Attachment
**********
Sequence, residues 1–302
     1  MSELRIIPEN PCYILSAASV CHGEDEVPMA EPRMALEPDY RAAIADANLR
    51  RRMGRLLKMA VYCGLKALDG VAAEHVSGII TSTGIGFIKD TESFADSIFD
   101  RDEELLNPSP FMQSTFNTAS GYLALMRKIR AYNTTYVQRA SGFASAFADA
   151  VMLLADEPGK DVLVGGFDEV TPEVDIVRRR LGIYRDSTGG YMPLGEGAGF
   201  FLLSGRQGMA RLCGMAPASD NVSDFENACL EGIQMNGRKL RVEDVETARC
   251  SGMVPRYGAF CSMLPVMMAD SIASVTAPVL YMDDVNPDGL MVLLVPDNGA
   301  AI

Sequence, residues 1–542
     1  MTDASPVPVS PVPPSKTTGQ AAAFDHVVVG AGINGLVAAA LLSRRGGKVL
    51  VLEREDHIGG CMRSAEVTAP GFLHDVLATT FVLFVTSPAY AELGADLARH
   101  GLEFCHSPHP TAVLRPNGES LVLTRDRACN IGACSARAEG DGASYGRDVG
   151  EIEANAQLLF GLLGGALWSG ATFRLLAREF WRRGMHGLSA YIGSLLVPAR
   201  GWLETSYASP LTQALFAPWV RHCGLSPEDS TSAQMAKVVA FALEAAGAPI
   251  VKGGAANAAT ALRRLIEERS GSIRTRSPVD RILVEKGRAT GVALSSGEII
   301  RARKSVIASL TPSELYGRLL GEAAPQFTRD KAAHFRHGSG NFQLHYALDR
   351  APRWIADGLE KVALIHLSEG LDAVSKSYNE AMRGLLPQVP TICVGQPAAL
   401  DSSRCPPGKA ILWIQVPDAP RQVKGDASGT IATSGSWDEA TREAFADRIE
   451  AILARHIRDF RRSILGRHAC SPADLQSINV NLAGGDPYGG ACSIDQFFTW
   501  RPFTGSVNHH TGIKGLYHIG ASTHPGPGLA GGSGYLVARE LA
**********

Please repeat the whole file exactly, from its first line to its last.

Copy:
Sequence, residues 1–302
     1  MSELRIIPEN PCYILSAASV CHGEDEVPMA EPRMALEPDY RAAIADANLR
    51  RRMGRLLKMA VYCGLKALDG VAAEHVSGII TSTGIGFIKD TESFADSIFD
   101  RDEELLNPSP FMQSTFNTAS GYLALMRKIR AYNTTYVQRA SGFASAFADA
   151  VMLLADEPGK DVLVGGFDEV TPEVDIVRRR LGIYRDSTGG YMPLGEGAGF
   201  FLLSGRQGMA RLCGMAPASD NVSDFENACL EGIQMNGRKL RVEDVETARC
   251  SGMVPRYGAF CSMLPVMMAD SIASVTAPVL YMDDVNPDGL MVLLVPDNGA
   301  AI

Sequence, residues 1–542
     1  MTDASPVPVS PVPPSKTTGQ AAAFDHVVVG AGINGLVAAA LLSRRGGKVL
    51  VLEREDHIGG CMRSAEVTAP GFLHDVLATT FVLFVTSPAY AELGADLARH
   101  GLEFCHSPHP TAVLRPNGES LVLTRDRACN IGACSARAEG DGASYGRDVG
   151  EIEANAQLLF GLLGGALWSG ATFRLLAREF WRRGMHGLSA YIGSLLVPAR
   201  GWLETSYASP LTQALFAPWV RHCGLSPEDS TSAQMAKVVA FALEAAGAPI
   251  VKGGAANAAT ALRRLIEERS GSIRTRSPVD RILVEKGRAT GVALSSGEII
   301  RARKSVIASL TPSELYGRLL GEAAPQFTRD KAAHFRHGSG NFQLHYALDR
   351  APRWIADGLE KVALIHLSEG LDAVSKSYNE AMRGLLPQVP TICVGQPAAL
   401  DSSRCPPGKA ILWIQVPDAP RQVKGDASGT IATSGSWDEA TREAFADRIE
   451  AILARHIRDF RRSILGRHAC SPADLQSINV NLAGGDPYGG ACSIDQFFTW
   501  RPFTGSVNHH TGIKGLYHIG ASTHPGPGLA GGSGYLVARE LA